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“Land Taking, Windfall Revenue, and Social Unrest: Evidence from China” by Xiaobo Lü, Lynette Ong, & Wenhui Yang
March 31, 2021 @ 8:00 am – 9:00 am JST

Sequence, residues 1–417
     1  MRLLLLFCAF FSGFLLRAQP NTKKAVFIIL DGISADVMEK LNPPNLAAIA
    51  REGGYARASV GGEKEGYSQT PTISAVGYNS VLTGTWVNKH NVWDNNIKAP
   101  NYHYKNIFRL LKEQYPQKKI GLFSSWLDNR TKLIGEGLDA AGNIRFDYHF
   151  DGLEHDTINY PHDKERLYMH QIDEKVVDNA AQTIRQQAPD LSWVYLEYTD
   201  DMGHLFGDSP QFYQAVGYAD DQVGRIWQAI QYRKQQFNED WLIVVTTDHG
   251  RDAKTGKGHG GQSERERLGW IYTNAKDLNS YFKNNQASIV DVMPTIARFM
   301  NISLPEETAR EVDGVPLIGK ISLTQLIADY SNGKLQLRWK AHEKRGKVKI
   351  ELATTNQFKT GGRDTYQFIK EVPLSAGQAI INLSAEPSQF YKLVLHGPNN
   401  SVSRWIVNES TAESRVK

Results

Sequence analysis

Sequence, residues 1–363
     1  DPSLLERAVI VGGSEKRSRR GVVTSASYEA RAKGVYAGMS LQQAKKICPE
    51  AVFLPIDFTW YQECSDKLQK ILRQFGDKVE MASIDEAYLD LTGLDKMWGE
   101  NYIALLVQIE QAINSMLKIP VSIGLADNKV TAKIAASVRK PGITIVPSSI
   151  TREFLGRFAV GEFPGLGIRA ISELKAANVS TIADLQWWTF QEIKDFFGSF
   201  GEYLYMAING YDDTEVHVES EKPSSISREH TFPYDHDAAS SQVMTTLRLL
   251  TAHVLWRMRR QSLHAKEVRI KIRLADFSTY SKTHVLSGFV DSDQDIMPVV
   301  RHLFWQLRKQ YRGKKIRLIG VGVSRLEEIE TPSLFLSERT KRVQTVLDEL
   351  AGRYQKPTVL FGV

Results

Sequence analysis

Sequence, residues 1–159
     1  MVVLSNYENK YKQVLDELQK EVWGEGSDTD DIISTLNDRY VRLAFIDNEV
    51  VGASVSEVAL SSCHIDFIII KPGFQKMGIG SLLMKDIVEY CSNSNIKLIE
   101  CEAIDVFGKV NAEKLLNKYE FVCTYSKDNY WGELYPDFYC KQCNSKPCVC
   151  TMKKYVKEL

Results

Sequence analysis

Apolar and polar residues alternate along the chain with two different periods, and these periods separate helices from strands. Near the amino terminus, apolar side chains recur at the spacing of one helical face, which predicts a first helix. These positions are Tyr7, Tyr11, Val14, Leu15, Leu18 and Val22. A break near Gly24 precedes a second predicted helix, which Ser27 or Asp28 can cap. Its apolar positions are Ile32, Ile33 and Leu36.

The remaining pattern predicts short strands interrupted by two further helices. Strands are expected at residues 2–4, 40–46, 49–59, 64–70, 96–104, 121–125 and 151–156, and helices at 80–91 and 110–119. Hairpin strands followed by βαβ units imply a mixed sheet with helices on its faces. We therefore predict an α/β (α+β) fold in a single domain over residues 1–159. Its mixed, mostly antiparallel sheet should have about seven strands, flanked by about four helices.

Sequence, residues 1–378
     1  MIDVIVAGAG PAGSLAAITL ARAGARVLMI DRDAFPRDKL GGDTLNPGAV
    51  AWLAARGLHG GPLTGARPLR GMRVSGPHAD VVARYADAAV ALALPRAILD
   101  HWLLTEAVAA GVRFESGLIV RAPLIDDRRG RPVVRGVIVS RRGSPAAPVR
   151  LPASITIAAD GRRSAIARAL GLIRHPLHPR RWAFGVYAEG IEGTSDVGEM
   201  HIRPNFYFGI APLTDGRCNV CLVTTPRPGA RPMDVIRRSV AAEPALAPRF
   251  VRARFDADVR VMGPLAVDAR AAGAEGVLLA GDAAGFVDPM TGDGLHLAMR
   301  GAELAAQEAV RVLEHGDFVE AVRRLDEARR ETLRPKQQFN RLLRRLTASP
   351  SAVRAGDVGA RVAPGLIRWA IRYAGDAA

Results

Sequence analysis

Abstract: Land expropriation is a highly contentious issue in any society, yet existing research primarily focuses on land related conflicts and scholars have paid little attention to the broader state-society relations. Furthermore, identifying the causal effects of land expropriation is challenging due to the endogeneity issue, and the net effects of land exploitation were rarely explored. We employed a Geographical-Regression-Discontinuity within a Differences-in-Differences framework to evaluate the impact of land expropriation on social unrests in China. In particular, we focus our inquiry through the lens of windfall revenues generated by local governments’ land expropriation and investigate their net effects. Contrary to the existing arguments of resource curse, we find that cities with fewer land revenues are more likely to experience unrest. We investigate various mechanisms, and find suggestive evidence that windfall revenues lead to less direct tax burden, thus reducing the likelihood of social unrest.